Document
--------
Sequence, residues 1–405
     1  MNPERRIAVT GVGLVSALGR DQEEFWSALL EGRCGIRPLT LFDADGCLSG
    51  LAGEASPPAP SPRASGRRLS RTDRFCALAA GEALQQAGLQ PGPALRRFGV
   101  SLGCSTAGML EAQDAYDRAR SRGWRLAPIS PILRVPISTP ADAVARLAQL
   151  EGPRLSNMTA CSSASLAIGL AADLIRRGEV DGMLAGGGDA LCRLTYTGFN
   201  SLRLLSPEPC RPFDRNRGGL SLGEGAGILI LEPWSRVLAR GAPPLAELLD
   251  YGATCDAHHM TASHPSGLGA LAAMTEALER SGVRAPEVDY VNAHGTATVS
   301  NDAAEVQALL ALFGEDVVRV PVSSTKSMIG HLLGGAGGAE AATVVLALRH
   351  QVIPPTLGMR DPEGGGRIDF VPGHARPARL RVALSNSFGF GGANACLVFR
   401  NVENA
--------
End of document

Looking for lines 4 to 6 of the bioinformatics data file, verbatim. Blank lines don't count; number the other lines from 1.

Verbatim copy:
   101  SLGCSTAGML EAQDAYDRAR SRGWRLAPIS PILRVPISTP ADAVARLAQL
   151  EGPRLSNMTA CSSASLAIGL AADLIRRGEV DGMLAGGGDA LCRLTYTGFN
   201  SLRLLSPEPC RPFDRNRGGL SLGEGAGILI LEPWSRVLAR GAPPLAELLD